What do you see in the next 20 years—both threats and possibilities?

Ingrid: It looks like there is a crisis of capitalism happening and in the US. We can either go more towards fascism and authoritarianism, or there can be some beautiful bottom up movement that really reworks our economy and social organization in this country. Whatever movement it is will have to be a global movement. We can’t keep it local. We have to be part of global organizing that works for regular people.

Nancy: I agree with Ingrid. Young people are questioning capitalism in a way that wasn’t popular 20 years ago. I was anti-corporate globalism, which was anti-capitalism. We were trying to say it twenty years ago, but people are hearing it now in a different way because it’s not working for more people. More young people are starting to think about being socialists. There’s a lot more systemic thinking. A lot of young people are thinking they don’t want to do what was done before, whether college loans or a mortgages, practices that no longer make sense. We can be a part of that conversation.

David: In the Bay Area, we have two extended families staying downstairs because of the fire crisis in California. On the one hand, these crises will be escalating. There is PG&E and the hedge fund capitalists who brought on this monopoly utility and have neglected the basic maintenance to the point of falsifying records on maintenance, now killing people. Other hedge fund people trying to get more capital out of it. The good side is the firefighters, local communities doing self-organizing to take care of each other. The ability of people to self-organize based on taking care of each other rather than extracting resources and money. Disasters are opportunities to organize ourselves.

Hop: Generally speaking, the left is in a state of disarray and disorganization while reactionary and authoritarian forces have seized state power and are rolling back hard-fought rights. These forces will continue to evolve social forms of organizations to support the Republican Party’s authoritarian agenda and mobilize and organize larger swaths of the populace towards neoliberal ideals. This presents lots of threats in an increasingly climate compromised environment and makes the quest for freedom and liberation all the more challenging. On the left, our democratic processes are weak, neglected and atrophied. And if there were to be a revolution or systemic change tomorrow, we would be unable to govern in a way in which lived out our vision for the kind of liberated world we want - we’d be a major risk of recreating the very “isms” we’ve struggled against. That's a pretty significant problem and that’s where the opportunity is. The next 20 years ought to be full of experimenting with new forms of organization that examine the idea and give us chances practice and fail at governance and democratic decision making at increasing larger scales. Another threat and possibility is that many social leftists are employed and spend most of their time struggling in non-profits that are committed to tweaking the system rather than systemic change. In the coming years we need projects that recognize this and aim to develop the strategic and analytical capacities of organizers and activists towards collective liberation frameworks and create projects that test these ideas and strategies.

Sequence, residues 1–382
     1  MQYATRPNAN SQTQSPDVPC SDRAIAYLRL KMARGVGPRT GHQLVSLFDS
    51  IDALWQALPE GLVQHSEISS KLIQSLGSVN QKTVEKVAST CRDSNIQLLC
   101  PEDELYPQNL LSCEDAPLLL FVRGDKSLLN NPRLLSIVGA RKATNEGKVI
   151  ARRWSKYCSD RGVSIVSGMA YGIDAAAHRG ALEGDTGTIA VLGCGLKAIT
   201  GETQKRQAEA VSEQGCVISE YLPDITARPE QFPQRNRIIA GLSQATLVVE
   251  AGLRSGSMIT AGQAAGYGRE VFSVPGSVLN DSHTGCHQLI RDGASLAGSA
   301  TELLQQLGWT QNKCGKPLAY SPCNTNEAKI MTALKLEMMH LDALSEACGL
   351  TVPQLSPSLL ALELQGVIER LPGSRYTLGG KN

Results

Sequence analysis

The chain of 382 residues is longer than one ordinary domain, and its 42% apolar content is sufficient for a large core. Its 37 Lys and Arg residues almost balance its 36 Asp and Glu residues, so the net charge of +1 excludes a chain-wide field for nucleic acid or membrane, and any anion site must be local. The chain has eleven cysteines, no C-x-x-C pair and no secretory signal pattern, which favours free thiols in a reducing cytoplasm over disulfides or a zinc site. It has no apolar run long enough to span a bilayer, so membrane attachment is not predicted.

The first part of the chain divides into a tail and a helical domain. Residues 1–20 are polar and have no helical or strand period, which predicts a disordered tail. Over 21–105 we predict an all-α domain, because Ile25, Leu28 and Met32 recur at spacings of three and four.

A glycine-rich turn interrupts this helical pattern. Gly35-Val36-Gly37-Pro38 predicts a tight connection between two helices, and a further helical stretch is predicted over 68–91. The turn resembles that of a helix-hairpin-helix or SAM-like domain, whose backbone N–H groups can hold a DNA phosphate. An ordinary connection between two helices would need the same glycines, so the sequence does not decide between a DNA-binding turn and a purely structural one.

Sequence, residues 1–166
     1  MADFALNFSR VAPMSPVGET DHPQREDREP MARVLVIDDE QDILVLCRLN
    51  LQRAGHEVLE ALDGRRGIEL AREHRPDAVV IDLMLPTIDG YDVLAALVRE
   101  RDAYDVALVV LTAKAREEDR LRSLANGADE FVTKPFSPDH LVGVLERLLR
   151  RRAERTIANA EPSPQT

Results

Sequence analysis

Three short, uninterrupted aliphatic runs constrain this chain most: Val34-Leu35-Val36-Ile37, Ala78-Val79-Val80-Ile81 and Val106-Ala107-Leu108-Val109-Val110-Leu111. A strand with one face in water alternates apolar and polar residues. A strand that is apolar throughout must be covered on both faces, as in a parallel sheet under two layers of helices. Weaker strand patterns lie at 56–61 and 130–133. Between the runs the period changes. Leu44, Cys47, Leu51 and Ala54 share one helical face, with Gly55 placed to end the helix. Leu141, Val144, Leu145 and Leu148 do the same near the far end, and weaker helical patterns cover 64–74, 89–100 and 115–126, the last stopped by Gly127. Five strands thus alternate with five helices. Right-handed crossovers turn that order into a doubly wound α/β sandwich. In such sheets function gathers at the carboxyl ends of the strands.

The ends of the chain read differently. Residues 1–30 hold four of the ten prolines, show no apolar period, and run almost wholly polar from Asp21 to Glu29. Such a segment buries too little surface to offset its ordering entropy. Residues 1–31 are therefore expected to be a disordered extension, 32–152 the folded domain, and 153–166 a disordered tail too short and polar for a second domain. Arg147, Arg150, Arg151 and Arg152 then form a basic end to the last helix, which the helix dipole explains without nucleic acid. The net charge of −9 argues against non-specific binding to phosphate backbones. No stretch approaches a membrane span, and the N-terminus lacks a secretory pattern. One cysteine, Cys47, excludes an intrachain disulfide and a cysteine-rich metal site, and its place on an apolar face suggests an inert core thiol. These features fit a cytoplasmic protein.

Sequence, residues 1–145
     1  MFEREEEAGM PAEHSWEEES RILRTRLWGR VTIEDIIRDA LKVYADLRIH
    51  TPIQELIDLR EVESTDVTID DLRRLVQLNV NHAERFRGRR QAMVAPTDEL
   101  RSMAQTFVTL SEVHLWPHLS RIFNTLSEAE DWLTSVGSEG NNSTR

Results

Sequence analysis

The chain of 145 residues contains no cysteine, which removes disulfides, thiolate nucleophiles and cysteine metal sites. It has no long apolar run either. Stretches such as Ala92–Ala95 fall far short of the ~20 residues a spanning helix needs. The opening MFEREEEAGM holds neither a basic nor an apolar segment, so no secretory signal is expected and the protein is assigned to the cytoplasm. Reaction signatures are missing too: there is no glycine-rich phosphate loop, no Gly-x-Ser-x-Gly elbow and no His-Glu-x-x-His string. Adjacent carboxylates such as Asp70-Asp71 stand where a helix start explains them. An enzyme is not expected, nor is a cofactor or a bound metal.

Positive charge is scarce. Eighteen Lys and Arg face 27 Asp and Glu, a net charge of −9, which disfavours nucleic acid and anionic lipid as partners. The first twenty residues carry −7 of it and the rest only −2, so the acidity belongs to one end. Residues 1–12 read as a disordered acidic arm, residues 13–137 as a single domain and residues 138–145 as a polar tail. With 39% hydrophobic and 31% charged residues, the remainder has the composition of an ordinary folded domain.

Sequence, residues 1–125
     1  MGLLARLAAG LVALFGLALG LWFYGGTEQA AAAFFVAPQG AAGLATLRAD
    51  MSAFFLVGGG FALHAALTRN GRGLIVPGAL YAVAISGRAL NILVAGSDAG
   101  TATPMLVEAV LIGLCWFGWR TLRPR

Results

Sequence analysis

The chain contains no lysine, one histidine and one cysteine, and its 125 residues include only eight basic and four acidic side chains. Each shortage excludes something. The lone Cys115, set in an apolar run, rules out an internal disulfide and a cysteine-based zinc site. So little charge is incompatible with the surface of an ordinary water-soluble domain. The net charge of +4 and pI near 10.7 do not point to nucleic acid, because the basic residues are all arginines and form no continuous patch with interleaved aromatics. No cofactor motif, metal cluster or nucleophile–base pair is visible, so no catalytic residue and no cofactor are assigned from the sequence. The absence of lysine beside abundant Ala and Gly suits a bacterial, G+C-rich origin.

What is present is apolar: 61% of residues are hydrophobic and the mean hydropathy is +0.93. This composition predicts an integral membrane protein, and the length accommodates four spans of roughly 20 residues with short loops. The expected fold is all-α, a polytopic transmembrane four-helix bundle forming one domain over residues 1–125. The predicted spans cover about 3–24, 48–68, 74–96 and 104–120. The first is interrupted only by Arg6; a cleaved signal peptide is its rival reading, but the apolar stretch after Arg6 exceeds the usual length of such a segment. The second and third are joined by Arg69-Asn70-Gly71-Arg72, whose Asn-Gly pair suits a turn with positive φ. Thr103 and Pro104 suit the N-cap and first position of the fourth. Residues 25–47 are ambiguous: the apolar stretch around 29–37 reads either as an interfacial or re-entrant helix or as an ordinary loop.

Steph: Over the next twenty years, one major ground to be contested is governance itself. How we organize around that question and build governance practices from the bottom up and on the local, regional, and global level will be the hard work we have to do. Remembering Seattle is so important because our responsibility is to bring it forward and apply the lessons. I like what Hop said about redefining the win. We have to do that now and over the next 20 years.

Chris: As somebody who identifies as an anti-authoritarian committed to intersectional justice, I did not expect to see self-identified white supremacists and self-aware, self-proclaimed authoritarians rise like they are today with Bannon and Trump building a global network of authoritarians. Combining climate change with the economic equality and the authoritarians makes things worse. There is probably not going to be a single crisis but many crises. To respond to the crises heading our way, the work of building governance, our ability to bring our movements together, to govern ourselves and our world together. I think a lot about capitalism. I had Pete and Larry teaching me about it in my twenties. I think there’s something interesting to thinking about democracy as an alternative to capitalism rather than equating it to capitalism. The first time I heard the term democratic economy, it didn’t catch on. Everyone talked about being anti-capitalist. I think there’s a huge potential in democratic economy, especially when we're literally facing the destruction of the planet. Socialism is hard for people to understand and to get past the hundred years of propaganda against it. The idea of running everything democratically can help us move those conversations forward. It’s easier to have that conversation with everyday people by talking about how we can run it together. Socialism leads to people thinking about someone else running their lives. Democratic economy means running it ourselves.

Steph: It’s imperative to remember the particular win of Seattle. Learning what we need to learn so we can shape the next twenty years. It requires us to recognize the impact of the WTO shutdown in 99 and what it sparked: the World Social Forum process in Brazil; emboldened trade ministers abdicating their loyalities to the U.S.; the US Social Forum in 2007; the People Movement Assemblies as a methodology for governance that emerged from that. I think about 22 year-olds today. How do we connect to them now and bring this history forward? The forecasting is a key part of organizing. Vision requires memory, and the lack of vision is a hindrance to strategy. It’s been a continuum. There are many other moments we need to remember. We cannot concede this moment to collective amnesia.